Revealing the enigmas of tea mocktails

Revealing the enigmas of tea mocktails

Paula Stocker

Indulging in a simple pot of tea is undoubtedly one of life's greatest pleasures. From afternoon tea to a gong fu session, or simply savoring a grandpa-style oolong at the office, tea drinking is a meditative and calming ritual that has been celebrated for centuries. However, there are times when we all crave something a little more sophisticated - a fancy cocktail, perhaps? Growing up, I often watched movies and TV shows in awe as characters whipped up martinis and elaborate drinks in their home bars. Today, mixologists are celebrated, and our online feeds are filled with inspiring retro fairy tales that evoke visions of housework with pearls and pumps, martini in one hand and duster in the other.

For many people, the allure of festive adult beverages is not just about getting drunk - it's about breaking out the fancy glassware, exploring flavors, and indulging in sophisticated tastes that are far from sugary soda substitutes. With that in mind, we began researching Dry January, a UK campaign launched in 2014 to encourage people to abstain from alcohol for the month of January. Thousands of people signed up to take part in the program, and the numbers have grown steadily over the years. Participants report losing weight, feeling better, saving money, and developing healthier drinking habits as a result.

To celebrate Dry January and the joy of mocktails, we set out to create recipes that incorporated the complex, nuanced flavors of our favorite teas. We scoured the internet for inspiration, consulted with mixologists, and reviewed tasting notes from dozens of teas to find the perfect blends for our creations. What we discovered was that many mocktail recipes relied heavily on fruit juice, making them essentially renamed smoothies and sodas. We knew we could do better.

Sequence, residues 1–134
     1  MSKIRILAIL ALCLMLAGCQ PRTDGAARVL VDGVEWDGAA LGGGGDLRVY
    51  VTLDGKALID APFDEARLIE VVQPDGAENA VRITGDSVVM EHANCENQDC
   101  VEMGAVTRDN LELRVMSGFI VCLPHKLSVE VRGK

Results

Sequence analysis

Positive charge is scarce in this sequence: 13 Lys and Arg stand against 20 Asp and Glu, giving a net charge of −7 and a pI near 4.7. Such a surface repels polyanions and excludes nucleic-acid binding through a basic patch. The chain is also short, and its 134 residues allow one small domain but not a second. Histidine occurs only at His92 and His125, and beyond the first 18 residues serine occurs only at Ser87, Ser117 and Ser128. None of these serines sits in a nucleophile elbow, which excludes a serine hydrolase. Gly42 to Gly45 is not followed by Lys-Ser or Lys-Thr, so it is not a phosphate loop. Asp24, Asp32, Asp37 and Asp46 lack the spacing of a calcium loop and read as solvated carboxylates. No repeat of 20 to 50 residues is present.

Bai Ya Bao, for instance, is a tea made from the dormant winter buds of the wild tea plant (Camilia Talliensis). It has a clear liquor but a strongly herbaceous flavor, making it a perfect substitute for Gin. We added spices to the tea infusion, which served as the base for our Wild White Collins.

Shou Puerh, on the other hand, has a rich and smoky flavor with notes of vanilla that makes it an excellent base for a classic Whiskey Sour, or our take on it, Sour Shou.

Sour Shou

Our Moroccan Mojito is a twist on a classic Moroccan Mint tea, infused with the refreshing flavors of lime. We used cold brewed Gunpowder green tea as the base with fresh mint to create this incredibly refreshing beverage.

We experimented with the recipe for Cherry and Smoke from Epicurious and found that increasing the strength of the tea was necessary to stand up to the cherry juice, which we reduced in our version.

Tea is a delicious and healthy alternative to alcohol-based cocktails, whether in recovery or just looking to take a break or cut down alcohol consumption. We find that having a couple of mason jars of cold brewed teas in the fridge make it easy to create something unique when the mood strikes. Don't be afraid to be inspired, try new things, make mistakes - it's all part of the fun. Cheers to good health and creative exploration!

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